Child, adult and travel vaccinations
We may all be waiting for one specific vaccine, but there are a number of vaccinations for children and adults that are recommended in Luxembourg and paid for by the state.
Despite debates over vaccinations and their contents or side effects, The World Health Organisation states that vaccines prevent some 2-3 million deaths a year. Today, there are vaccines to prevent more than 20 life-threatening diseases like diphtheria, tetanus, influenza and measles.
In Luxembourg vaccinations are not compulsory, but recommended, and the ones listed below (not travel vaccines) are paid for by the state or reimbursable via the CNS.
Children born in Luxembourg will be given a vaccination book, which will list the dates and types of vaccination a child has received and helps parents to keep abreast of dates for future vaccinations. Below are the child vaccines recommended in Luxembourg:
Note that different timings apply to premature babies.
At 2 months
- 1st dose of the combined vaccine for diphtheria, tetanus, whooping cough, meningitis, polio and hepatitis B
- 1st dose of vaccine for rotavirus gastroenteritis
- 1st dose of vaccine against pneumococcal infections
At 3 months
- 2nd dose of the combined vaccine
- 2nd dose of the rotavirus vaccine
At 4 months
- 3rd dose of the combined vaccine
- 3rd dose of the rotavirus vaccine
- 2nd dose of the pneumococci vaccine
At 12 months
- 1st dose of the MMRV vaccine (measles, mumps, rubella and chickenpox)
- 3rd dose of the pneumococci vaccine
At 13 months
4th dose of the combined vaccine
2nd dose of the MMRV vaccine
5-6 years, 12 years
Children have the opportunity to have a catch dose of the combined vaccine if they missed an injection at age 5-6 years and the chance to take a Hep B vaccine at age 12 years if this was not taken earlier.
Vaccine against papillomavirus infections
Bivalent vaccine for girls (reimbursable by the CNS)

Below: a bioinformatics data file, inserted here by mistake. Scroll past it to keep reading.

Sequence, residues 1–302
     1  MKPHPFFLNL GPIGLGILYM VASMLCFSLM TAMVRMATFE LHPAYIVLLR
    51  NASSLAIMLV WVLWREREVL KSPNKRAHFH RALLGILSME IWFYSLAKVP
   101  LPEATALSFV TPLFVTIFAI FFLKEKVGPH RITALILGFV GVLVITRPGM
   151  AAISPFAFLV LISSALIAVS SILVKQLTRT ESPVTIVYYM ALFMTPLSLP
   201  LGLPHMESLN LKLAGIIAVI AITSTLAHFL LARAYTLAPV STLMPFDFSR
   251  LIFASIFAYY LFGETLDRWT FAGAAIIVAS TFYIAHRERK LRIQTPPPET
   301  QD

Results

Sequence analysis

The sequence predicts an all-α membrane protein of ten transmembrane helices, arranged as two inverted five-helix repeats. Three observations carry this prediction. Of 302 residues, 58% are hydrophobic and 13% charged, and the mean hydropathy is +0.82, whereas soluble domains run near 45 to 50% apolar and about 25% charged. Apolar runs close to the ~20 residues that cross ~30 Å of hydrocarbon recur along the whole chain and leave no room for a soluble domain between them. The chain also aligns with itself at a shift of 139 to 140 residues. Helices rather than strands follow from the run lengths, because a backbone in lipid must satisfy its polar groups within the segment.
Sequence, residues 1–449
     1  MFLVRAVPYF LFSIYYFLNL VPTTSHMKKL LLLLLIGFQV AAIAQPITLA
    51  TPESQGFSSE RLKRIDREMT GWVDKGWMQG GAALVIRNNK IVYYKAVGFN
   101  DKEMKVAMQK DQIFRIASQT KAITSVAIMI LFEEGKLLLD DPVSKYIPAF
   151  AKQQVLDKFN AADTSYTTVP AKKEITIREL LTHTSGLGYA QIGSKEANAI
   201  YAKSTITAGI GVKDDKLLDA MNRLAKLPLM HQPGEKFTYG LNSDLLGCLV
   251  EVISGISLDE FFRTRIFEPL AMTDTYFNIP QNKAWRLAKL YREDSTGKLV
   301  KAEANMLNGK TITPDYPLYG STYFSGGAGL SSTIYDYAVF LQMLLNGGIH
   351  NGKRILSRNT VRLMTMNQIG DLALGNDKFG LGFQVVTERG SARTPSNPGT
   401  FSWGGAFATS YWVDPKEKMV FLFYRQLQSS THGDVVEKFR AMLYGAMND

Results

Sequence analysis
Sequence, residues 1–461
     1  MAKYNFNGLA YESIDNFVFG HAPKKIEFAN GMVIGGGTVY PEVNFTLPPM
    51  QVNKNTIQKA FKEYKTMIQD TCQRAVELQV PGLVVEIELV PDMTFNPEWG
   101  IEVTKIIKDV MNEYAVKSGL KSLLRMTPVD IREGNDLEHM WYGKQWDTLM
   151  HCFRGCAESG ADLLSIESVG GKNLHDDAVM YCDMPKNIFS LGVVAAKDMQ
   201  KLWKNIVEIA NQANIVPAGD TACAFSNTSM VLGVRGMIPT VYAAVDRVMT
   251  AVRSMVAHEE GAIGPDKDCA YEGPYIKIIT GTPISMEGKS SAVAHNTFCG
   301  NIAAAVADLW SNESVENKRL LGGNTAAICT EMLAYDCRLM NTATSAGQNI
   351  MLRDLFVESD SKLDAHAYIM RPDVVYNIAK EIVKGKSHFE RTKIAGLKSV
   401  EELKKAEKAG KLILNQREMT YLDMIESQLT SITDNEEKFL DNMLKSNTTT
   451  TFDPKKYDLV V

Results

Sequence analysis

A reminder for the Men C and combined vaccine.
Adults can take a combined vaccine booster every 10 years. Those aged 65 years and over can get vaccinations for pneumococci and seasonal influenza. Pregnant women, people with chronic heart conditions, lung, kidney, or auto-immune diseases, will receive a prescription for a seasonal flu vaccine.
Travel to exotic locations may seem like a pipe dream these days, but when overseas travel ramps up again, you may need additional vaccinations depending on the destination.
It’s advised that you visit your doctor or medical practice at least 6 weeks before your planned travel date to ensure there is plenty of time to order vaccines and medication and provide injections at least 10 days before you travel.
Yellow fever is currently the only disease which requires an international vaccination certificate to prove you have been vaccinated when you enter a country, particularly those in Latin America and Africa. This certificate is valid for life. Travel vaccinations are recommended for any person from the age of 9 months with some exceptions (pregnant women, those with low immune defence or those allergic to eggs since the vaccine contains a small amount of egg protein).
You can get vaccinated for yellow fever at the travel clinic at the Central Hospital of Luxembourg, which can also vaccinate you against rabies, Japanese encephalitis, and hepatitis A and B. Doctors surgeries and medical centres can provide a prescription for anti-malarial drugs.
You can find a full list of travel vaccination requirements from WHO, here.